- Views & Opinions
The U.S. Food and Drug Administration’s approval of several ractopamine-based animal drugs is being challenged by animal advocates and farm workers. The groups are suing the FDA for failing to take into account the drugs’ cumulative effects on animal behavior, worker safety, wildlife or the nation’s waterways.
The lawsuit focuses on ractopamine, a drug fed to farm animals to promote rapid weight gain. The drug has been banned in dozens of countries and is said to cause death, lameness, stiffness, trembling and shortness of breath in farm animals.
The groups are suing because FDA has allowed millions of pigs, turkeys and cows to be fed ractopamine-based animal drugs without considering the cumulative impacts of the agency’s actions. The drugs include new combinations of ractopamine with controversial antibiotics and steroids. These drugs remain active in animal waste, and when sprayed on fields, or spilled from manure lagoons, they can wreak havoc on habitat, wildlife and endangered species.
“The FDA’s actions have far-reaching impacts on millions of animals, millions of acres of habitat, and thousands of farm workers throughout the United States,” said Jonathan Lovvorn, who works in the Animal Protection Litigation department at The Humane Society of the United States. “America’s animal factories are pumping out uncounted tons of ractopamine-laced animal waste into the environment each year, and the FDA has no idea what the long-term environmental effects might be.”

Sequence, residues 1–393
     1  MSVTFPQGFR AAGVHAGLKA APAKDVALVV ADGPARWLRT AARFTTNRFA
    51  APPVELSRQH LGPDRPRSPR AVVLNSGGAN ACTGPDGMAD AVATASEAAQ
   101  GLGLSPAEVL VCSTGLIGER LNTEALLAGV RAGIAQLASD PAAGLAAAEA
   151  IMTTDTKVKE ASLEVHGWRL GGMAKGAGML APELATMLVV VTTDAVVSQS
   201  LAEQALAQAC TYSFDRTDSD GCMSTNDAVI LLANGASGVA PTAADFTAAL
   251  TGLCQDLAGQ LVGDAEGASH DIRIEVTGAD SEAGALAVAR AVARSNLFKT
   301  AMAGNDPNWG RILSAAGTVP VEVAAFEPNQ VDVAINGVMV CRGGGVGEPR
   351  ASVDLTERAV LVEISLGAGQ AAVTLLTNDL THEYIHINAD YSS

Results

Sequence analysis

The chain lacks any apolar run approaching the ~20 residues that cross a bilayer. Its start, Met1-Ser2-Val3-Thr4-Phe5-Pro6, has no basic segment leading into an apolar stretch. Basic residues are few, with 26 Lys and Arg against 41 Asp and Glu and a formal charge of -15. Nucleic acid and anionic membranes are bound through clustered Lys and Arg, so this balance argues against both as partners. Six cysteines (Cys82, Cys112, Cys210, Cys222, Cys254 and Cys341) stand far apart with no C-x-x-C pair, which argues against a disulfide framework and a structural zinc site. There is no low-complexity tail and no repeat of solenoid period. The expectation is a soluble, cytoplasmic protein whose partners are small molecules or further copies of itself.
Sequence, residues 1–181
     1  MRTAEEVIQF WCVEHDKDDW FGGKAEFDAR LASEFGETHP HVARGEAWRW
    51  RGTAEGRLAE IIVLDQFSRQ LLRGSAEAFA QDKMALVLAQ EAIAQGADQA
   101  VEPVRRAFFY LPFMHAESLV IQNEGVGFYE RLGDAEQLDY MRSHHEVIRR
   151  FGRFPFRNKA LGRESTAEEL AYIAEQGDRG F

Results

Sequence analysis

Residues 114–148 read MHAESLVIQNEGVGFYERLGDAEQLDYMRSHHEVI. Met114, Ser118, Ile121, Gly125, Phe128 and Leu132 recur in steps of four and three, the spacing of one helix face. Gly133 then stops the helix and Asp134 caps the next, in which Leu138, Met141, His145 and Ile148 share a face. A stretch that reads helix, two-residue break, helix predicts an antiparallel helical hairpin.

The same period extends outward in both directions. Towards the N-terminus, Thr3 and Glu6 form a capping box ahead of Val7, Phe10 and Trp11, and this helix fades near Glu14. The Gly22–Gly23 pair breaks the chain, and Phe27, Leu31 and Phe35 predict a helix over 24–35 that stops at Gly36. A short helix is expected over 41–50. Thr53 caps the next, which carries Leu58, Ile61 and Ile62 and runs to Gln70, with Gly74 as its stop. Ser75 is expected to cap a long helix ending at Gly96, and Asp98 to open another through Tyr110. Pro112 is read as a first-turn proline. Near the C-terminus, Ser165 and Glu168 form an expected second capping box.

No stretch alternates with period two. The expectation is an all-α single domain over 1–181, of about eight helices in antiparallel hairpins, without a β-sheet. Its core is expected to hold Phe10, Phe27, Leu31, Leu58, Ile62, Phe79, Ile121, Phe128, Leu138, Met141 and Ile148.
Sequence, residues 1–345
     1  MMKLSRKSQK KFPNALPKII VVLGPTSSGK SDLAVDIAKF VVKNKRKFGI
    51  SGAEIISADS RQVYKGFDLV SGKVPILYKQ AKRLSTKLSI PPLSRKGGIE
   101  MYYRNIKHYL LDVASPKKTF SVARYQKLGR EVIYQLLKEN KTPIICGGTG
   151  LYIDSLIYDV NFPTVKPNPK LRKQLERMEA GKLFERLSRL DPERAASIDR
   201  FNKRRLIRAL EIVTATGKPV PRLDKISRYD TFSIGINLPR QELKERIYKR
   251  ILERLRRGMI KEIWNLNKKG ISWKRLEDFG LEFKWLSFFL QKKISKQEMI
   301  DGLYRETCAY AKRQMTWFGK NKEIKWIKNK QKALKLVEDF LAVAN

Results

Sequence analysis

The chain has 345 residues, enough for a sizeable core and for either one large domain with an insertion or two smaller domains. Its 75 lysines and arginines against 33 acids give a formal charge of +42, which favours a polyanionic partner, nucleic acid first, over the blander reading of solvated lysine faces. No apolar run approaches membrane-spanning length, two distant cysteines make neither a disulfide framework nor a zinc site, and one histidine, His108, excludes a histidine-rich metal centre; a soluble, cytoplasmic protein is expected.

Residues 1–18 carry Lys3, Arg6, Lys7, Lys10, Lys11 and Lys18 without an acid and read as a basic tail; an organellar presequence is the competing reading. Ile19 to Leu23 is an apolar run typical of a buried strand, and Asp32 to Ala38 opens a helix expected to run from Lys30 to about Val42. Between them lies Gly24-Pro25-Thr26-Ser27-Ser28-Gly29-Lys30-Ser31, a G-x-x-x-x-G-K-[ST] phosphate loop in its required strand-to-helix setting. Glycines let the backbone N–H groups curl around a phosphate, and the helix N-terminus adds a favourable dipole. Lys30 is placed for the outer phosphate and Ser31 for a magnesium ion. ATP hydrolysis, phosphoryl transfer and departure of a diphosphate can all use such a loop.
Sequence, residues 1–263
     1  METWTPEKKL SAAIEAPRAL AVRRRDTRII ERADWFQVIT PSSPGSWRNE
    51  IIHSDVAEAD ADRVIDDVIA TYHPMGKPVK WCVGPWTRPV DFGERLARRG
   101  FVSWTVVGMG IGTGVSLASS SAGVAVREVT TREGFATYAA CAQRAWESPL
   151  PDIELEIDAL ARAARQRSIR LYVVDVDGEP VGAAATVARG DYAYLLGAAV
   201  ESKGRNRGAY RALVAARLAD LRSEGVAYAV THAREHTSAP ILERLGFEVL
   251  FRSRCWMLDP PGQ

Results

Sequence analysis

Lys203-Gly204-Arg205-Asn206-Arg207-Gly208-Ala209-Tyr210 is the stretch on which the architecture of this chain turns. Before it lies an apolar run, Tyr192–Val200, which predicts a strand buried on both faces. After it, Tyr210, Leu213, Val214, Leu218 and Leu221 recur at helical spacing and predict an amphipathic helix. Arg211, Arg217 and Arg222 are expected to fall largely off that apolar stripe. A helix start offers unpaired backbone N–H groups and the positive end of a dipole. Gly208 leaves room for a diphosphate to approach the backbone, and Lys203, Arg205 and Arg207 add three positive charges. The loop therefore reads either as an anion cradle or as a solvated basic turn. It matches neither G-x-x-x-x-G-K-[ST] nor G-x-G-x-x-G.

Ractopamine can make animals severely stressed and difficult to handle, increasing the likelihood of injuring or killing farm workers. Workers’ exposure to antibiotics like Tylosin also endangers them and their families because exposure to the antibiotics can leave them more vulnerable to dangerous antibiotic-resistant pathogens.
“The wide-spread use of these drugs adds another layer of risk for farm workers, who are already doing some of the most dangerous jobs in America on factory farms, and puts farm worker communities at increased risk of illness and disease” said Erik Nicholson, national vice-president for United Farm Workers of America.
“Consumers are increasingly demanding humane treatment of farmed animals and the U.S. should be at the forefront of animal protection rather than lagging behind the international curve,” says Stephen Wells, executive director of the Animal Legal Defense Fund.
The lawsuit, filed in federal district court in San Francisco by The Humane Society of the United States, The United Farm Workers, and The Animal Legal Defense Fund, asks the Court to set-aside FDA’s approvals of the drugs at issue while the agency performs the environmental review required under federal law.
From the plaintiffs in the case:
• Ractopamine is fed to between 60 to 80 percent of all U.S. pigs, cattle and turkeys.
• Tylosin is an antibiotic given to livestock to promote growth and FDA considers it “critically important” to human medicine. Tylosin-resistant bacteria has been found in the soil and air downwind of factory farms.
• Monensin is a livestock antibiotic administered to promote growth. Even in low doses it has direct toxic effects on soil animals and presents a potential ecological risk.
• Melengestrol is a synthetic steroid hormone used in dairy and beef cattle. The European Union prohibits the use of melengestrol because of the potential risks to human health from hormone residues in bovine meat.
• The FDA has never prepared an Environmental Impact Statement or an Environmental Assessment of the cumulative and combined effects of its approvals of Ractopamine and Ractopamine-based combination drugs on the vast majority of the pigs, cattle, and turkeys raised for food in the United States, nor even presented its decisions to the public for review or comment by outside experts.